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With full optimism, we hope to provide information that will serve the interests of the Philippine exporting community. Aside from helping local exporters to grow more competitively, the page also aspires to encourage more micro, small and medium enterprises to participate in the global value chain (GVC).

Over the last decades, the global production landscape has witnessed significant changes, with GVCs becoming a dominant feature of international trade. GVCs entail the process of producing goods from raw materials to finished products being carried out wherever the necessary skills and materials are available at competitive cost and quality. With the emergence of GVCs, goods must now cross borders several times, first as inputs and then as final products. Our goal is to deepen our participation in GVCs.

To succeed in international markets, countries must have both the capacity to export and import world-class inputs. In a GVC world, the view that exports are good, and imports are bad and that market access is a concession in exchange for access to a partner?s market is clearly self-defeating. Successful participation would depend on factors, such as resource endowments, infrastructure, skilled labor, human capital, innovation and other relevant domestic policies that our new industrial policy espouses. Both trade policy and complementary industrial policies are necessary for capturing value and upgrading within these value chains to ensure inclusive, and sustainable growth and employment.

Exports play a vital role in the nation?s economy. We have seen how it has shaped the country?s economic direction and brought it to a brighter era. Latest data from the World Bank showed that exports of goods and services comprised 28.7 percent of our GDP in 2014. Moreover, the Philippines was ranked the 39th largest economy in the world and is touted as an emerging market in the 2016 International Monetary Fund records. With this, the export industry is challenged to maintain the necessary momentum to drive the country to a higher and more rapid growth path.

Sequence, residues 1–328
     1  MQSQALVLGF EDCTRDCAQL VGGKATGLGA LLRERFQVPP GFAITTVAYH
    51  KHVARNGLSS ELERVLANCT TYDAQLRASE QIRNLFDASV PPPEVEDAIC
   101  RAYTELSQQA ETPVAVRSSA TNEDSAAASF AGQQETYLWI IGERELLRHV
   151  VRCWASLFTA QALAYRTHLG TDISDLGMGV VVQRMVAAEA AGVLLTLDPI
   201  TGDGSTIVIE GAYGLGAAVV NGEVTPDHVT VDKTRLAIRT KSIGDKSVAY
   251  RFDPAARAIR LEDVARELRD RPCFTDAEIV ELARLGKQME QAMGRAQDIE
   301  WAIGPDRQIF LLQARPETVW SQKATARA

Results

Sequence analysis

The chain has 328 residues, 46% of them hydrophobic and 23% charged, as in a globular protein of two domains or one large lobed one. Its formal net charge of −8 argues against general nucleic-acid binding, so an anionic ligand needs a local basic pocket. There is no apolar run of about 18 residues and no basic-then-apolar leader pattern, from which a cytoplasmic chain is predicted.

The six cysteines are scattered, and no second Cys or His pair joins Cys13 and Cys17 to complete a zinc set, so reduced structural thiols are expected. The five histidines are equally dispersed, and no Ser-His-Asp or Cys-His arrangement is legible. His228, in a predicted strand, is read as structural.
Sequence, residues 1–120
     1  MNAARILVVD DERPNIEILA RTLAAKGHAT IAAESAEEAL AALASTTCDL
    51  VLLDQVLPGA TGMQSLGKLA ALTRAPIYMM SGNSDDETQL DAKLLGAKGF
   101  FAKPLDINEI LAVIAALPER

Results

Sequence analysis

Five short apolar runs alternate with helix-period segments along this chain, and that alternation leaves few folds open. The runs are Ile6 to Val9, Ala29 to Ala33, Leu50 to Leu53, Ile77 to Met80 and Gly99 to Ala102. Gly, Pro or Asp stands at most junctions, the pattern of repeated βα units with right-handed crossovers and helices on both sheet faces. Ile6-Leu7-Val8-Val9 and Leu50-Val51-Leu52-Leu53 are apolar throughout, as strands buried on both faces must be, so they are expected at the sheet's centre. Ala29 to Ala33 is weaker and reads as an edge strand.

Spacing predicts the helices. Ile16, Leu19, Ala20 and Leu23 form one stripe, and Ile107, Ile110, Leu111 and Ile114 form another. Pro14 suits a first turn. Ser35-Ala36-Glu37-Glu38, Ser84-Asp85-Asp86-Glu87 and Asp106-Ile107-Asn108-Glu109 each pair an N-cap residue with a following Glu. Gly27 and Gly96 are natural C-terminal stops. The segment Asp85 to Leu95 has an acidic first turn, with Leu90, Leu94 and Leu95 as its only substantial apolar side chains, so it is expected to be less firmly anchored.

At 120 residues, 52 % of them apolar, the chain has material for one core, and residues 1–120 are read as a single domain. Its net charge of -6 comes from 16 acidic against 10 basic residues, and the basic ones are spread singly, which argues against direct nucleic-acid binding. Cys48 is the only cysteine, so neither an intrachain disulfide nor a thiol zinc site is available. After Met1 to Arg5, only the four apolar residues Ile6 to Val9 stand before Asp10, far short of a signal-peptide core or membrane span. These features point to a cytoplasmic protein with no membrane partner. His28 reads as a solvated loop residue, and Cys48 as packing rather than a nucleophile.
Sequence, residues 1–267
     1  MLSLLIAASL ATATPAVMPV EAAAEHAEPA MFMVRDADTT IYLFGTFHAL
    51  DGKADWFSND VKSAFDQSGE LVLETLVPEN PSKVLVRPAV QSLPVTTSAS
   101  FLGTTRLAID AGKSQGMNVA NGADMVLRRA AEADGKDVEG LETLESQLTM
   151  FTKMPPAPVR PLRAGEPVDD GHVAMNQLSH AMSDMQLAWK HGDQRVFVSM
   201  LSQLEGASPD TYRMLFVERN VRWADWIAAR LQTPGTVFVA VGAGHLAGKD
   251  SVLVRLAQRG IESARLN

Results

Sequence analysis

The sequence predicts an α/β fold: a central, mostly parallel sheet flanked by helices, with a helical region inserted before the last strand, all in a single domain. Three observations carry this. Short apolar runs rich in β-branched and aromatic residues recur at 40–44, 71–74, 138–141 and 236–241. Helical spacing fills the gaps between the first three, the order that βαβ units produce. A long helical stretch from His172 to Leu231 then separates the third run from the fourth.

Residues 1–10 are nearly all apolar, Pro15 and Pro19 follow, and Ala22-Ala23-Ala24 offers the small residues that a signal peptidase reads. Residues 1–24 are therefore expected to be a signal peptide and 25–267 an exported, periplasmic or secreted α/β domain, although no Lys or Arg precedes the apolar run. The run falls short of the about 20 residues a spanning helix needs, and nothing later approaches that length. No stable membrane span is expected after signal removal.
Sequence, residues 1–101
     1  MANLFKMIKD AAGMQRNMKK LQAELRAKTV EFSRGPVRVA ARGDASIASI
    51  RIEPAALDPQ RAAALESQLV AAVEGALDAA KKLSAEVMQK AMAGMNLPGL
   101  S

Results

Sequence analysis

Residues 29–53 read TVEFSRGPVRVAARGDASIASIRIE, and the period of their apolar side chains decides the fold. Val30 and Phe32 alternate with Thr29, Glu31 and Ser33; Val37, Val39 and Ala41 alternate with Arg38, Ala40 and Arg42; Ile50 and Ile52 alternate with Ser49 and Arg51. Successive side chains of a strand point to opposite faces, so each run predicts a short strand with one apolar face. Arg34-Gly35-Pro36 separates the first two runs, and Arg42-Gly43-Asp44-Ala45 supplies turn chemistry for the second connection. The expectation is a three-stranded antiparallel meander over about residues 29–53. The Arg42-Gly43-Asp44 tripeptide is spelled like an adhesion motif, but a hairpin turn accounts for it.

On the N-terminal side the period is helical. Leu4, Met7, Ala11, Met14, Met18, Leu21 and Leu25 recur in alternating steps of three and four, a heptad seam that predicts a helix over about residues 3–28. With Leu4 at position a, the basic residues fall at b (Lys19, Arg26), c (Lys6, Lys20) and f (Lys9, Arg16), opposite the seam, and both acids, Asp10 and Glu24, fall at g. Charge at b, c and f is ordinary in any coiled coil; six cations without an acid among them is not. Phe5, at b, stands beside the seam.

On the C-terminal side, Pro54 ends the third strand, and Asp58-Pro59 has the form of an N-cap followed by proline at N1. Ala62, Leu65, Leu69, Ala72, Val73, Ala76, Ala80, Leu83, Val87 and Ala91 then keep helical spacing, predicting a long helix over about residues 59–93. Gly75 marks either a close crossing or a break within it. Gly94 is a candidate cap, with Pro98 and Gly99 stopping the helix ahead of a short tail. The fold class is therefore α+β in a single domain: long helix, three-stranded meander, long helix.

Innovation is among the eight strategies identified in the 2015-2017 Philippine Export Development Plan (PEDP) to help domestic industries establish their niches in regional and global markets and expand the country?s participation in GVCs. While there is a wealth of technological advances that local exporters can tap, they are hindered because of gaps in the flow of knowledge and information among industries, universities and public-research institutions.

Systemic failures that undermine the capacity of industries to innovate are another concern together with the mismatches between basic research in the public sector and academia and industry?s need for more applied research. Raising the effectiveness of technology transfer institutions, and providing incentives for collaborative research and technology development among firms and with public research institutions are also areas of concern that government has to resolve in partnership with the private sector.

Together with the implementation of the other strategies laid out in the current PEDP, the government hopes to attain the elusive $100-billion export target by the end of the cycle. Under the PEDP, exports are projected to grow between 6.6 percent and 8.8 percent this year, and between 7.7 percent and 10.6 percent next year. The growth targets translate to additional export revenues of $5.2 billion to $8.8 billion in 2016 and $8.5 billion to $15.5 billion in 2017.

Aligned with the ultimate goal of the government to reduce poverty, the PEDP aims to provide from 800,000 to 1.4 million job opportunities this year, and between 1.2 million and 2.3 million next year. The estimated additional employment opportunities over the planning period is between 500,000 and 2.8 million.

In keeping with the innovation agenda for the export sector, the DTI is implementing programs that will help develop and promote it. Recently, DTI launched SlingShot, a program that aims to support start-ups in the country by providing an enabling environment that will encourage and nurture new enteprises and innovative businesses. Another program is the provision of a coworking space for start-ups at the DTI International Building where the Export Marketing Bureau (EMB) is located. This complements the establishment of two other workspaces in Intramuros and Marikina, where the Center for Innovation and Technology Enterprise, formerly the Cottage Industry Technology Center, is housed.

People and administrations, for that matter, may come and go, but the agency will continue to do what it ought to do. Information technology will continue to serve generations beyond administrations. The agency embraces new beginnings and innovations.?



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